We have covered recently in class that intelligence is a concept of being able to adapt, succeed, and improvise.  With this in mind, any skill can have intelligence applied to it.

 

https://www.psychologytoday.com/us/blog/unique-everybody-else/201311/the-illusory-theory-multiple-intelligences

The Relevance of Learning Styles

How relevant are learning styles anyway?

I believe that I am an Aural Learner.  I thrive in classes that require group discussion.  I often repeat information out loud and asking for a confirmation.  After receiving confirmation my mind is at ease because I can finally allow that information to settle into my brain knowing it is accurate.  I am typically the loudest student in class because I am frequently asking questions.

 

Despite all of our preferences, there is no actual evidence that supports the theory that matching activities to one’es learning styles and inventories such as the VARK  will improve information retention.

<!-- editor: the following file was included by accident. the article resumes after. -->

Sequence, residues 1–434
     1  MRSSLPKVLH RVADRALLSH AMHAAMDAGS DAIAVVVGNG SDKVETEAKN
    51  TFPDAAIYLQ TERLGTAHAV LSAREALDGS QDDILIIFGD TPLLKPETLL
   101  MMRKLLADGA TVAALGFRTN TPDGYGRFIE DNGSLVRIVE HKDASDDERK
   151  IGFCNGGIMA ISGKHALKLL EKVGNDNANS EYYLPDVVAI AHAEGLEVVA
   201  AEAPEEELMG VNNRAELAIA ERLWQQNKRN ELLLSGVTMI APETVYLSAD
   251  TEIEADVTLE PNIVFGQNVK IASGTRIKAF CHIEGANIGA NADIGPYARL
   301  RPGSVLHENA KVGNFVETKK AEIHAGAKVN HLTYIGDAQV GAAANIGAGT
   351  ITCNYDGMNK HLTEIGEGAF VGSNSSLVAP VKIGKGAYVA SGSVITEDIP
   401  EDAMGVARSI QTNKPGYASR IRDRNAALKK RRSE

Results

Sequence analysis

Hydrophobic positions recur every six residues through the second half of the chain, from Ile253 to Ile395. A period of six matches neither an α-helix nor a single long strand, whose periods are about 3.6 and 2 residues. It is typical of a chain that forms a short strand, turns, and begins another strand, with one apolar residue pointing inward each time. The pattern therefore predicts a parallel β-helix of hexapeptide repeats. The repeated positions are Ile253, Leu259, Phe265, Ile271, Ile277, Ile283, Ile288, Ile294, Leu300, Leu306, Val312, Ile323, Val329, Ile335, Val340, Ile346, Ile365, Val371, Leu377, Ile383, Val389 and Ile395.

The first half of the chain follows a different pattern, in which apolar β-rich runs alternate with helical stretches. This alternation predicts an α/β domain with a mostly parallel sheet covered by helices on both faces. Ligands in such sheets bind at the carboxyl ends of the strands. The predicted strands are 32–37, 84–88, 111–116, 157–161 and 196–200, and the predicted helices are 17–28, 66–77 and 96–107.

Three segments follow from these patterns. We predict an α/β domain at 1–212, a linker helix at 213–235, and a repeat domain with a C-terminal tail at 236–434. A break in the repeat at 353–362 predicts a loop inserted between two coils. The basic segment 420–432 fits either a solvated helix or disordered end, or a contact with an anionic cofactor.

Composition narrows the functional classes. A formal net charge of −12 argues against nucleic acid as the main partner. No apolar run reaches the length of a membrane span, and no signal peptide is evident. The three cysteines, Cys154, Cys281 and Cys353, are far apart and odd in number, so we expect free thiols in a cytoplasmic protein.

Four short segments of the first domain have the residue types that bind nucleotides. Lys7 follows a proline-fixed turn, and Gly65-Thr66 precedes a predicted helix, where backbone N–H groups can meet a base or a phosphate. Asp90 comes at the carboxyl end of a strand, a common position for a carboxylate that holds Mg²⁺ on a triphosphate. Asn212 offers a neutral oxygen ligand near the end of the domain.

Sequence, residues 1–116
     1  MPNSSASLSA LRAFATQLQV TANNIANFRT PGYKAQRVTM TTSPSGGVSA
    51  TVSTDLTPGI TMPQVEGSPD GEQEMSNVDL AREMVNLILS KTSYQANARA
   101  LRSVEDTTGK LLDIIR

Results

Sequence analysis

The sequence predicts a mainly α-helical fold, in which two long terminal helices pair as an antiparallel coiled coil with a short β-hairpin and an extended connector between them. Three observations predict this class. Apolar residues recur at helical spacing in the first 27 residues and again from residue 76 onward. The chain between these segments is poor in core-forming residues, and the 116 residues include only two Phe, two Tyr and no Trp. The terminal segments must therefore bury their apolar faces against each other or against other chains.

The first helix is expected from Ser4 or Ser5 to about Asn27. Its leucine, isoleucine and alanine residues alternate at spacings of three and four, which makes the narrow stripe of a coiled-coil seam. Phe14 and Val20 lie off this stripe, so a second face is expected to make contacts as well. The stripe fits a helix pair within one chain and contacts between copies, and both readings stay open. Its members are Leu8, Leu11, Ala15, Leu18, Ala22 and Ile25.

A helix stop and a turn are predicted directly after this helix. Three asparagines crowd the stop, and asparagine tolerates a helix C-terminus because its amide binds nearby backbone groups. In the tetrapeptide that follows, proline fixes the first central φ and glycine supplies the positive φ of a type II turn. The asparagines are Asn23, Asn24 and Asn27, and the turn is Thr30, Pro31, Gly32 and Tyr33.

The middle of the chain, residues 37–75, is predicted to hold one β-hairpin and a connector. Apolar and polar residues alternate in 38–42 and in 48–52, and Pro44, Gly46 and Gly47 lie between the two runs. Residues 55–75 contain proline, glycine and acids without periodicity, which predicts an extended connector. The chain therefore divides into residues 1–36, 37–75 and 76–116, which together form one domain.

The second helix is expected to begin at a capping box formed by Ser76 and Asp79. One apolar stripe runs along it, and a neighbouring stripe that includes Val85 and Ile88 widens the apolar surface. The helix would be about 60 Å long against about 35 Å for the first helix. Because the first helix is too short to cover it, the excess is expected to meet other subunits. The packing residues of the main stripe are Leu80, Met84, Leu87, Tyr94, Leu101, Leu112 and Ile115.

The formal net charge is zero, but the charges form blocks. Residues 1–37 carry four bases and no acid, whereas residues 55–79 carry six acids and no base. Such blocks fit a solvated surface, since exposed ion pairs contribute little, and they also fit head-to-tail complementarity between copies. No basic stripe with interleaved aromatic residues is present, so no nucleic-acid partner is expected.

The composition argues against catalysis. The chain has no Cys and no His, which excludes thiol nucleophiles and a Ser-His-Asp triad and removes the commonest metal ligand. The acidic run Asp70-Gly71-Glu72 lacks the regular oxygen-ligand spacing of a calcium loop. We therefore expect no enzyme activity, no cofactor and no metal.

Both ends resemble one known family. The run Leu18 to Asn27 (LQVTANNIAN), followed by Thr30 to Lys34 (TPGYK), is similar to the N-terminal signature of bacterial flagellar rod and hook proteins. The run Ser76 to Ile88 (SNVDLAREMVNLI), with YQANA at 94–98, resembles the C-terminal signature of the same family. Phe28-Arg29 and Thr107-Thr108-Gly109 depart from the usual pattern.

Image result for VARK

So if this is the case then why are these learning styles still true?  According to Pashler and his colleagues point to some reasons to explain why learning styles have gained—and kept—such traction, aside from the enormous industry that supports the concept.  First, people like to identify themselves and others by “type.” It is similar to the popularity of astrological signs.  These categories help justify certain behaviors and make an individual feel special and understood.  For example, if a woman born in March is having an emotional day she may blame it on the fact that she is a Pisces.  For example, a person who is a visual learner fails an American History test and most of the lectures were said verbally with no powerpoints.  They could easily justify their failure due to the teacher not catering to their learning style.